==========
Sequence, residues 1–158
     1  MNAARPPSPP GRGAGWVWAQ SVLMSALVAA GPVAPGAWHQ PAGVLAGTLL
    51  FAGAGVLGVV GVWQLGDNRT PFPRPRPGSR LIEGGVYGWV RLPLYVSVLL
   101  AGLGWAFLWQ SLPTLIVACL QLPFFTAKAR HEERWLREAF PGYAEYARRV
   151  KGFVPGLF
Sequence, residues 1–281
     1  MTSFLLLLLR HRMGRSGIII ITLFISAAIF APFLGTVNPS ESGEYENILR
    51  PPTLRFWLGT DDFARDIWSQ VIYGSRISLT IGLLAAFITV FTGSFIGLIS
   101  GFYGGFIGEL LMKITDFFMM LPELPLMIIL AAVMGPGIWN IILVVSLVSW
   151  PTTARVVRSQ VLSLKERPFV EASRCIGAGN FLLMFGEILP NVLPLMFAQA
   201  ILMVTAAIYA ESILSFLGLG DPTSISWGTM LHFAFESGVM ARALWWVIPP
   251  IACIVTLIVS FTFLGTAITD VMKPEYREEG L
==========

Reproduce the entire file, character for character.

Sequence, residues 1–158
     1  MNAARPPSPP GRGAGWVWAQ SVLMSALVAA GPVAPGAWHQ PAGVLAGTLL
    51  FAGAGVLGVV GVWQLGDNRT PFPRPRPGSR LIEGGVYGWV RLPLYVSVLL
   101  AGLGWAFLWQ SLPTLIVACL QLPFFTAKAR HEERWLREAF PGYAEYARRV
   151  KGFVPGLF
Sequence, residues 1–281
     1  MTSFLLLLLR HRMGRSGIII ITLFISAAIF APFLGTVNPS ESGEYENILR
    51  PPTLRFWLGT DDFARDIWSQ VIYGSRISLT IGLLAAFITV FTGSFIGLIS
   101  GFYGGFIGEL LMKITDFFMM LPELPLMIIL AAVMGPGIWN IILVVSLVSW
   151  PTTARVVRSQ VLSLKERPFV EASRCIGAGN FLLMFGEILP NVLPLMFAQA
   201  ILMVTAAIYA ESILSFLGLG DPTSISWGTM LHFAFESGVM ARALWWVIPP
   251  IACIVTLIVS FTFLGTAITD VMKPEYREEG L